(NOTE: If you're not a hardcore sports fan, this article will make no sense to you. It may as well be in some other language altogether. Don't bother with it.)
Divorce is painful. Divorce signals the end of something that you vowed would last forever. When you first entered into your relationship, you never imagined this day coming. You do everything in your power to keep divorce from happening, but in the end it sometimes has to be done. So it is with me. This has nothing to do with me and Pumpkin, who are rock solid. After 38 years, I'm filing for a divorce from the Milwaukee Brewers.
The non-Brewer fan would no doubt greet this with something like, "why quit now when they're finally starting to get good?". That's a fair question, but it fails to address the decades of suffering Brewers fans have endured. Many sports franchises have glory years, tremendous runs of success. The Brewers have 1982, their last World Series appearance, and their last playoff appearance altogether. Last season marked the first time since 1991 that the Brewers won more games in a season than they lost. They'll win more than they lose again this season, and improve on last year's record.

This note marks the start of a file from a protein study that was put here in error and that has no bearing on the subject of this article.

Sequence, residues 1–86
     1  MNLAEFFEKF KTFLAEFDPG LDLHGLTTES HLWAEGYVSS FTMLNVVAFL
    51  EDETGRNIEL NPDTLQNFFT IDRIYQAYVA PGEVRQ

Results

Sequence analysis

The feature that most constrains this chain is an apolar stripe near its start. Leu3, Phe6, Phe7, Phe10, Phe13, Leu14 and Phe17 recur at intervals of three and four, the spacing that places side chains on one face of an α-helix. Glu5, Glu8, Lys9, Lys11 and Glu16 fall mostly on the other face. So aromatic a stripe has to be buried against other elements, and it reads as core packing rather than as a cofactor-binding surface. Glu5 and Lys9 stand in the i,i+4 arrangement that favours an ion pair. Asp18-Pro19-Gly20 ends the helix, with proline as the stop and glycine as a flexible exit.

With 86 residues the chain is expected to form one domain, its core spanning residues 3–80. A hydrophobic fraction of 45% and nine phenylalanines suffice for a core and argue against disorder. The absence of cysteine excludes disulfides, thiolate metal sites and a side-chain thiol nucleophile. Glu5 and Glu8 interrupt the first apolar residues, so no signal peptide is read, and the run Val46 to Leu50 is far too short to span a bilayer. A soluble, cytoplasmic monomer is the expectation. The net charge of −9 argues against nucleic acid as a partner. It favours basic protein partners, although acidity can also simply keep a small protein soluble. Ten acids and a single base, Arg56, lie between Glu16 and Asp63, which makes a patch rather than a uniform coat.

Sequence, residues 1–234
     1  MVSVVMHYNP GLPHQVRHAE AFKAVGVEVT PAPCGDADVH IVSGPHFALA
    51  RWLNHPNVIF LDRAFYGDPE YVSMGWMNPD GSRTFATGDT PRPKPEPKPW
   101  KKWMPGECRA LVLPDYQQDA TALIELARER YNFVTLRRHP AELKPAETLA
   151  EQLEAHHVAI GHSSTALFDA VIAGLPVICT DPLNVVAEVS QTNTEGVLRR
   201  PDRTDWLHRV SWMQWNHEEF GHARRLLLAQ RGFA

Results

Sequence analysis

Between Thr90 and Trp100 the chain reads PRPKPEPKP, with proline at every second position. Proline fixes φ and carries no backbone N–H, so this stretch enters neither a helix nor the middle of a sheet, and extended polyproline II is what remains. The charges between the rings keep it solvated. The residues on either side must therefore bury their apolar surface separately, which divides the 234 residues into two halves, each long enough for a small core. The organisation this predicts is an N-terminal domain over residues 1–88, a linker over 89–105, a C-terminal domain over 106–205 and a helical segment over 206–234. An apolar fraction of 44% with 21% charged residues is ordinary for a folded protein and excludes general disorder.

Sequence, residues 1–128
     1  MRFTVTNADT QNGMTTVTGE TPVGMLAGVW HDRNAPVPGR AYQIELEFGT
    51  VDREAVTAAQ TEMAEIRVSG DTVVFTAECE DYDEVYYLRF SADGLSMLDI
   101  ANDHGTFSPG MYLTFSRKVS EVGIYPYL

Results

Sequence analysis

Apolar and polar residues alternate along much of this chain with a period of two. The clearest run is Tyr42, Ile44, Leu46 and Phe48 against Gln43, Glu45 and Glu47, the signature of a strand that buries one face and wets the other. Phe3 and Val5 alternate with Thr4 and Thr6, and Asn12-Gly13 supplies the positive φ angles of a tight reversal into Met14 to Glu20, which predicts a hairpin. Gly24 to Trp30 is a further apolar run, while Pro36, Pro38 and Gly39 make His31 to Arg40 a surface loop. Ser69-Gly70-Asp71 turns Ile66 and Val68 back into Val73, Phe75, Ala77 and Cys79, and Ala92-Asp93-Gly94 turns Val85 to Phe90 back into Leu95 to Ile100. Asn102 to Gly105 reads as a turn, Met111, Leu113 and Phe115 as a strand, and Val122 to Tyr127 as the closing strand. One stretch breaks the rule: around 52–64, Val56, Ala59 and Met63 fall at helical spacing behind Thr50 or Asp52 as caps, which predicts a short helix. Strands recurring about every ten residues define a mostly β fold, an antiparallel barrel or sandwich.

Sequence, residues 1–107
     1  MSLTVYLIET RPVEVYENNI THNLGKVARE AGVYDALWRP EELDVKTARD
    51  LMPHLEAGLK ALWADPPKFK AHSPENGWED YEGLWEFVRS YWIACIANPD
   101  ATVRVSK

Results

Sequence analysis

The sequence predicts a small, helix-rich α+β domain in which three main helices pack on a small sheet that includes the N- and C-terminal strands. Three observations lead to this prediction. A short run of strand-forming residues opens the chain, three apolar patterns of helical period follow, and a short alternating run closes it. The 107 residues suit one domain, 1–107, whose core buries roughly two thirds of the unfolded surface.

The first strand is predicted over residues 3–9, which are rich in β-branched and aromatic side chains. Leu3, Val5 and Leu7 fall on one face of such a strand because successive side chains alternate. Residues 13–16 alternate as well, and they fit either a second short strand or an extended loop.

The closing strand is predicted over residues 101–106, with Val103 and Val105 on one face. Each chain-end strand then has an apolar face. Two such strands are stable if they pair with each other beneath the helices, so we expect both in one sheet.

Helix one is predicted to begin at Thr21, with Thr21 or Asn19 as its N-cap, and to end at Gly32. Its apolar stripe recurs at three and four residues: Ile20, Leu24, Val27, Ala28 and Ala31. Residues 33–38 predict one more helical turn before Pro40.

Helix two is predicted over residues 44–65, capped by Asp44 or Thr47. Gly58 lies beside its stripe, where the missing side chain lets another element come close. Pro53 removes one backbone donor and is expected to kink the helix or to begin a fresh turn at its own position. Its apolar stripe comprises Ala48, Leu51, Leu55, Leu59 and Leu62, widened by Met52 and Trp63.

So why quit? Simple. They will never, ever achieve what a fan roots for. A championship. In a wild case of irony, the Brewers recent success has showed me that a championship is less likely than when they were losing games in droves year after year. As little as two weeks ago, Milwaukee looked like a lock to get into the playoffs. Then September arrives. September is a time when the good teams turn it on, and the bad teams fold. The Brewers are 3-14 in September. The bad teams fold. A team that was supposed to be good has showed its true colors (yellow), and folded like a newbie at a 4/8 table. I've given all I can. To paraphrase Brett Favre, I still have what it takes to root for the Brewers. I just don't think I want to.
They lost again last night (11-2 to the Reds) and I didn't get angry. I didn't get annoyed. I didn't even shake my head in mild disgust. I have turned the corner from Outright Fanatic Street on to Increasingly Indifferent Avenue, and it feels fine. If anything, this team betrayed me by allowing me to believe that after 26 years of frustration and foolishness, THIS was going to be the year things turned around. Then September came. It's akin to pursuing a girl for the longest time, and she allows this pursuit. Then she tells you she's married, or a lesbian. Either works. So much work for no reward, and in the end far too much wasted time.
I almost cried after a bad loss this week. That makes no sense to me. I don't cry for human tragedies. Why cry over an underachieving 70 million dollar payroll, right?